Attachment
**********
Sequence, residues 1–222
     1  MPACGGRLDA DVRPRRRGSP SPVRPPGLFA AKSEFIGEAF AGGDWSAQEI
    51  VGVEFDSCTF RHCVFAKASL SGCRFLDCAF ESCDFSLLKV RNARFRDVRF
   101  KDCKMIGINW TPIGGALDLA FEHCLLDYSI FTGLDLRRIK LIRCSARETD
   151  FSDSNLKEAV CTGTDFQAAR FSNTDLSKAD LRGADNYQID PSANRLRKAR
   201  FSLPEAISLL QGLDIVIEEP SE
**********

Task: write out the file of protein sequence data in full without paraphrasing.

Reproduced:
Sequence, residues 1–222
     1  MPACGGRLDA DVRPRRRGSP SPVRPPGLFA AKSEFIGEAF AGGDWSAQEI
    51  VGVEFDSCTF RHCVFAKASL SGCRFLDCAF ESCDFSLLKV RNARFRDVRF
   101  KDCKMIGINW TPIGGALDLA FEHCLLDYSI FTGLDLRRIK LIRCSARETD
   151  FSDSNLKEAV CTGTDFQAAR FSNTDLSKAD LRGADNYQID PSANRLRKAR
   201  FSLPEAISLL QGLDIVIEEP SE